Getting Started

How to connect my phone to Arduino in 10 steps

This quick start guide assumes that you have installed Amarino on your phone and you have added the MeetAndroid library to your Arduino working environment and your Bluetooth module is set to 57600 or 115200 baud (depends on your Arduino board, oder boards are more likely to work with 57600 baud whereas newer ones only will work correctly with 115200 baud)! Note that Arduino BT boards will work with 115200 baud. If not please go to Installation first. Look at the documentation of your Bluetooth module to figure out how to set the baud rate to 57600 or 115200.
Discover Arduino Bluetooth device
1. This is the first screen you will see when you start Amarino on your phone. Since Amarino is all about connecting your phone to an Arduino, the very first step you have to do is to search for your Arduino Bluetooth device you want to talk to (in geek lingo we say discover a BT device). To do that hit the "Add BT Device" button and wait until your Arduino Bluetooth module pops up. If it will not show up even if the discover process has already finished, you should check if your Arduino Bluetooth module is powered and discoverable.
tl_files/images/screenshots/searchDevices.png2. Maybe you will find more than one device, because of other Bluetooth devices around you. You need to find out which one is your Arduino Bluetooth module. You found it, then select it to add it to Amarino. (Each module has an unique address and normally also a human friendly name assigned, in our case here it is FireFly-1717).
tl_files/images/screenshots/1Device.pngIf you managed to add your BT device to Amarino you will see one new device, namely the device you added, with a connect button next to it at the main screen of your Amarino application. (I know its hard, but please don't push the connect button yet! ;-) )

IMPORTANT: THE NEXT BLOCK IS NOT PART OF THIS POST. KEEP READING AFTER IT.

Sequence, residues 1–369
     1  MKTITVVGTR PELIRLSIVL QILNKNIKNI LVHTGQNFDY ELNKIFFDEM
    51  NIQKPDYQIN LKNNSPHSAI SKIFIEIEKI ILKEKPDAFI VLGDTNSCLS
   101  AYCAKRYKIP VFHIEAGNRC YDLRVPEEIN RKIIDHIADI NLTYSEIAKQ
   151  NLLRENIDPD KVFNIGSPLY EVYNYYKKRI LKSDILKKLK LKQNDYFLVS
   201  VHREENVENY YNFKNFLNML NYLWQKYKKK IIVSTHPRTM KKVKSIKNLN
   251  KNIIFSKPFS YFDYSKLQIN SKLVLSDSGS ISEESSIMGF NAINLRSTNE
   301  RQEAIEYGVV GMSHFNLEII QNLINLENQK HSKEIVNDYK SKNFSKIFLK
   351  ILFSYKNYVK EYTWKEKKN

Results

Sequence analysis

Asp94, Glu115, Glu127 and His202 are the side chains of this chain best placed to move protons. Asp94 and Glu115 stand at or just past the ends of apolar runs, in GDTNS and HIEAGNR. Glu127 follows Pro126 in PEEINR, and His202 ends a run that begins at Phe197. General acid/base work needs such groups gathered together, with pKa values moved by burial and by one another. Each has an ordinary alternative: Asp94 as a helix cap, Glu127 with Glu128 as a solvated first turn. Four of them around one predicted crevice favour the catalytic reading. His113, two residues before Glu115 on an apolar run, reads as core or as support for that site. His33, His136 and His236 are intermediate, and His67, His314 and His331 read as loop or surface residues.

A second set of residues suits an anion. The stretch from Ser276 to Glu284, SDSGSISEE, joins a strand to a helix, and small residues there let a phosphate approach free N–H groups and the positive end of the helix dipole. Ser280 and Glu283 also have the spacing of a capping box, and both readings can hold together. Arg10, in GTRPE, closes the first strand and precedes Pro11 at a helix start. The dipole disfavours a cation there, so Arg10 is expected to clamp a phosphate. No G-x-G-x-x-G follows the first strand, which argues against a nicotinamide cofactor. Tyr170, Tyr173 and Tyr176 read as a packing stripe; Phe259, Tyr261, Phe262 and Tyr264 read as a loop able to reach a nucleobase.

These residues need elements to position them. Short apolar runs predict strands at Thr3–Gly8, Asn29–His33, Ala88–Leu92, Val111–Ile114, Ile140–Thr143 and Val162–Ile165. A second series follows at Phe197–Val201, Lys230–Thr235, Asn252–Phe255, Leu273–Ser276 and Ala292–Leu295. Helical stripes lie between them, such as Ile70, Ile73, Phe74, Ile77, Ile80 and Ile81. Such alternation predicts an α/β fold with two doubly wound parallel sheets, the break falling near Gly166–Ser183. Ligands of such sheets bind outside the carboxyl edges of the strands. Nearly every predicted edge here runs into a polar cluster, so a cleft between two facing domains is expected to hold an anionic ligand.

Congratulations, the first important step is done. Hurray!

One thing you have to know before we proceed is, that Bluetooth devices need to become acquainted to each other (authenticated) before they can communicate. A process called "pairing" or "bonding", I am rather sure you heart of that.
Ok then, let's do the pairing thing.
3. Finally it is time to hit the connect button. Don't worry you will get a "Connection failed" message or a message telling you to pull down the status bar to enter the pin, but that is just fine. We tried to connect to an unpaired device, which is as I said not possible, and now you proved it!

But apart from that, it was necessary to get the pairing request notification in your notification bar (on the very top of your phone). Pull down the notification bar as shown in the screenshot and you will see the "Pairing request" notification.

tl_files/images/screenshots/pairing_request_enterpin_1234.png tl_files/images/screenshots/pairing_request_enterpin_1234.png 4. Tap on the "Pairing request" notification and the Bluetooth pairing dialog pops up. This is where you enter your Bluetooth module's super high confidential top secret PIN. Almost always it is "1234" or for ArduinoBT boards "12345". Some modules will have "0000" but less common. Type it in and hit "OK". If the PIN was right, pairing is done.

Wow this was tuff. But now you have successfully authentictated your device, which is required before we can connect to it.